Initially, the minimum gas price on Polygon was set to 1 gwei, but to avoid spamming of the network it was hiked 30x to 30 gwei and is still much lower than Ethereum. 

The reason the platform is able to operate at such low gas prices is because of the much more efficient consensus algorithm and the way Polygon combines transactions before sending them to the mainnet discussed above.

Ethereum faces the problem of scalability because of its POW model as every node in the network needs to process each transaction. 

Polygon allows developers to use different scaling solutions depending on their applications to leverage the different advantages offered by these. For Example: Polygon Hermez (for zero-knowledge solutions), Polygon Edge (for public/private Ethereum compatible networks) and many more.

Polygon is an Ethereum framework that allows developers to integrate their own Ethereum-compatible blockchain with the security of Ethereum. It allows transactions to run off-chain before they are documented on the main Ethereum blockchain. Through this interoperability, Ethereum is more scalable and a great deal easier to use. 

Polygon is aligned to be interoperable with the existing and future infrastructures of Ethereum, while also providing frameworks for other layer-2 solutions.

Learn more on how to invest in Polygon MATIC token

Polygon’s Architecture 

The Polygon ecosystem consists of 4 layers.

The Ethereum Layer 

This is a basic layer that uses Ethereum for its Polygon chain. It provides high security but low flexibility because of its POW model. It is not required to build on this layer if it’s a project on the Polygon chain.

Security Layer 

It provides the ‘validator as a service’ function. It allows Polygon validators to be able to serve as the consensus mechanism of the chains. This layer is less secure but more flexible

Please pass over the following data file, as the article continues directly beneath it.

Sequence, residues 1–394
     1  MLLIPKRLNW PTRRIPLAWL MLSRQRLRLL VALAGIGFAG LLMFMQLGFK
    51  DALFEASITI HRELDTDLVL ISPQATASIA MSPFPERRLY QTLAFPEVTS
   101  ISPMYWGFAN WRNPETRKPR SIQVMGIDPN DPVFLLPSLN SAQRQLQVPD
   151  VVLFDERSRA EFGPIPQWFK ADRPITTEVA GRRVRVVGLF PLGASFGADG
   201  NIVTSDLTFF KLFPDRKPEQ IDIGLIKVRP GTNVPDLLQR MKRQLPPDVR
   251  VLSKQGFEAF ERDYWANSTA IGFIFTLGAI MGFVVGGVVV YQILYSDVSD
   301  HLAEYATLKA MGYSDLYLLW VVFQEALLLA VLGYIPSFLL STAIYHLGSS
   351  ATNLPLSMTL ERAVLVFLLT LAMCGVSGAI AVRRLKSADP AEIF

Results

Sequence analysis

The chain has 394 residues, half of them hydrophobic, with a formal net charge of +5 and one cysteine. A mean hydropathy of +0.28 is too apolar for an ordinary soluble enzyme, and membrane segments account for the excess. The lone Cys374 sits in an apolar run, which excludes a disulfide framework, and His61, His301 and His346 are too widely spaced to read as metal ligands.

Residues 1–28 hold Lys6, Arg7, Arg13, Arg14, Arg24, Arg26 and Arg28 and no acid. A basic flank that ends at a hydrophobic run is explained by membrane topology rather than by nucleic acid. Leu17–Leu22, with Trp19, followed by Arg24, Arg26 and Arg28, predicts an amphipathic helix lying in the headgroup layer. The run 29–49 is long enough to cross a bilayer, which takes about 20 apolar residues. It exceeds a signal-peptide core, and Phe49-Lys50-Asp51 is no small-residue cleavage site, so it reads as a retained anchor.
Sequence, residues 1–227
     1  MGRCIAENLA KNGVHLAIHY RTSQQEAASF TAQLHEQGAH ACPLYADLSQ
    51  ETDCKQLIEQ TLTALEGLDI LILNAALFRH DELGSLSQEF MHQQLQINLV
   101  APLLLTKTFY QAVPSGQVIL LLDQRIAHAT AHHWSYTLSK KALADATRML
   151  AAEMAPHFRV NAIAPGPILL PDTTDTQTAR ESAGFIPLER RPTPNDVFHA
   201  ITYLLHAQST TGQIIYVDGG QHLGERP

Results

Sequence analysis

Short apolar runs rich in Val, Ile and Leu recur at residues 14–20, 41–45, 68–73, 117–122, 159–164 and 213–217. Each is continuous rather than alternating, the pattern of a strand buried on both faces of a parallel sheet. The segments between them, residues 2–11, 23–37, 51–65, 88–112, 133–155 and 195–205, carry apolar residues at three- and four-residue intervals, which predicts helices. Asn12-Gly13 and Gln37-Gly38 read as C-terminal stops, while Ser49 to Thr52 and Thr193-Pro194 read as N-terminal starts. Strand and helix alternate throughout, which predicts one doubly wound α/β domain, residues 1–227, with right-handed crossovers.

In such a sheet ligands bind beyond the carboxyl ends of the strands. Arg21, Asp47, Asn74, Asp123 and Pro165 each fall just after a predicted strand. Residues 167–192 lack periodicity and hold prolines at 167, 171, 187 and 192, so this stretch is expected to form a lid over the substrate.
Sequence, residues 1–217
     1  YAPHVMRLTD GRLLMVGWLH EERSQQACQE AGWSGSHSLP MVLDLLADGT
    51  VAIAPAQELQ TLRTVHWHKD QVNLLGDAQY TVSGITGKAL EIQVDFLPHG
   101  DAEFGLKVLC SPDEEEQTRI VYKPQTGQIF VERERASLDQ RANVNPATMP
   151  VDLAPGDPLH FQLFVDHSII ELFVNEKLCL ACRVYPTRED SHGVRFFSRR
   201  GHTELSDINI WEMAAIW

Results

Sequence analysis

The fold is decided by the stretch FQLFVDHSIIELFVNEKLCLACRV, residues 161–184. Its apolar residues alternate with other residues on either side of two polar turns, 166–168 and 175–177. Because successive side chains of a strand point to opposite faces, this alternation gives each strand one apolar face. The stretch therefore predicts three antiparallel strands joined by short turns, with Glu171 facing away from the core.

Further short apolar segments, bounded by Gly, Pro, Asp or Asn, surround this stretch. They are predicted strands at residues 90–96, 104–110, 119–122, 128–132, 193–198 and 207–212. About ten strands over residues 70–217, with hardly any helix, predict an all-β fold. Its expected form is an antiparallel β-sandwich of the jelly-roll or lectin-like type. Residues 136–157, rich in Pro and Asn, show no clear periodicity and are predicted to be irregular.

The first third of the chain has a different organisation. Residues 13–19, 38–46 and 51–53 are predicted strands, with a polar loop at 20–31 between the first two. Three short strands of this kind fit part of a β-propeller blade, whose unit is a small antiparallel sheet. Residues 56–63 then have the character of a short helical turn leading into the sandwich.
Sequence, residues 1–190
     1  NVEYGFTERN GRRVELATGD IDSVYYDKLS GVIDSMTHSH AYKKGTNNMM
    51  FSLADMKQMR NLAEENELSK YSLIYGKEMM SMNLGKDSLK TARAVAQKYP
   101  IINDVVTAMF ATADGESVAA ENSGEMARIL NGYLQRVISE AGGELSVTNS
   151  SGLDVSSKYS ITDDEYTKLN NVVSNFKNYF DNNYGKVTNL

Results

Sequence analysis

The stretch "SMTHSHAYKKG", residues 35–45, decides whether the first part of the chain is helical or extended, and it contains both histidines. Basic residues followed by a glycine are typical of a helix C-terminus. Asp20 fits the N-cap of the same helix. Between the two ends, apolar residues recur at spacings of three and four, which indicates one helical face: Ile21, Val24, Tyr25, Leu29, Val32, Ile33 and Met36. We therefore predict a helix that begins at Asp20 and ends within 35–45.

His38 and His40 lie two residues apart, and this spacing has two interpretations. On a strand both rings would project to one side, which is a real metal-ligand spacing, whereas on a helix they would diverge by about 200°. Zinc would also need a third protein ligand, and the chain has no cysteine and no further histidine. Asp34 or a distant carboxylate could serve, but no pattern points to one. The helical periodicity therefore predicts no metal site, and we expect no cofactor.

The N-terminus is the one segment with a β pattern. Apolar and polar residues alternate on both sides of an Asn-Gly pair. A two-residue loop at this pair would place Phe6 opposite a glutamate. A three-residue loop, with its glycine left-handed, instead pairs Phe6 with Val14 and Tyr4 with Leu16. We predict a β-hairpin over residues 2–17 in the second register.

Polygon Networks Layer 

This layer consists of independent blockchain networks. Here, each network maintains functions like block production and transaction processing. For a project on Polygon, it is required to build on this layer. 

Execution Layer 

Here, the transactions, issued in the Polygon ecosystem, are executed. For a project on Polygon, it is required to execute on this layer. 

With its unique structure, Polygon can overcome the Ethereum scaling problems. It includes both backward compatibilities as well as scalability. It retains security and user experience at the same time.

Polygon supports two major types of networks, which are, stand-alone networks and networks that leverage “security as a service”. 

Stand-alone chains are fully independent chains/networks that are in charge of their own security. They have their own consensus mechanisms, and they don’t depend on Ethereum or any other established Blockchain for security. Although stand-alone chains come with the added advantage of independence and flexibility, developing a consensus mechanism can be a tough ask for many developers. 

So, Polygon also supports networks that can leverage its “security as a service” model. 

“Security-as-a-Service” is a model where the provider integrates their security mechanisms into a client’s infrastructure. This can either be provided by Ethereum directly (through fraud proofs) or by Polygon with its own dedicated pool of validators created for the client’s chain. Validators verify that the transactions are valid and add them to the blockchain. Such chains which leverage other’s “security as a service” models are referred to as secured chains.

Competitors of Polygon 

Polkadot is the biggest competitor of Polygon right now. Other competitors include Cosmos, Kusama and Arbitrum. 

Polkadot and Polygon: aside from their lexical similarity, these two networks share a relatively overlapping vision: Scaling Blockchain Networks. As the different number of blockchains in the industry is growing exponentially, these blockchains are getting more and more fragmented from each other. They do not communicate with each other. Both Polkadot and Polygon are working towards interoperability, in this case, they’re striving to be the “the Internet of Blockchain”, making blockchains more connected.